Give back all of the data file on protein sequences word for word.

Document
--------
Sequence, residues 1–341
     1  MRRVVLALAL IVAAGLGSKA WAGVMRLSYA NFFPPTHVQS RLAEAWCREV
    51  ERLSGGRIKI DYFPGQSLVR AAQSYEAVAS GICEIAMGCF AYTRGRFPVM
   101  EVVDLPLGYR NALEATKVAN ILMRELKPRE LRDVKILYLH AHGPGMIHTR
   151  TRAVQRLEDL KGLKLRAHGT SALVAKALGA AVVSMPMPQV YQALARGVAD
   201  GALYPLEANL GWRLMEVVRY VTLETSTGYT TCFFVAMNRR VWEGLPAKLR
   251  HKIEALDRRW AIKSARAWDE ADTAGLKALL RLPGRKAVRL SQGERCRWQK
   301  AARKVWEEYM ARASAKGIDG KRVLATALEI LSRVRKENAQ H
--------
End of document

Sequence, residues 1–341
     1  MRRVVLALAL IVAAGLGSKA WAGVMRLSYA NFFPPTHVQS RLAEAWCREV
    51  ERLSGGRIKI DYFPGQSLVR AAQSYEAVAS GICEIAMGCF AYTRGRFPVM
   101  EVVDLPLGYR NALEATKVAN ILMRELKPRE LRDVKILYLH AHGPGMIHTR
   151  TRAVQRLEDL KGLKLRAHGT SALVAKALGA AVVSMPMPQV YQALARGVAD
   201  GALYPLEANL GWRLMEVVRY VTLETSTGYT TCFFVAMNRR VWEGLPAKLR
   251  HKIEALDRRW AIKSARAWDE ADTAGLKALL RLPGRKAVRL SQGERCRWQK
   301  AARKVWEEYM ARASAKGIDG KRVLATALEI LSRVRKENAQ H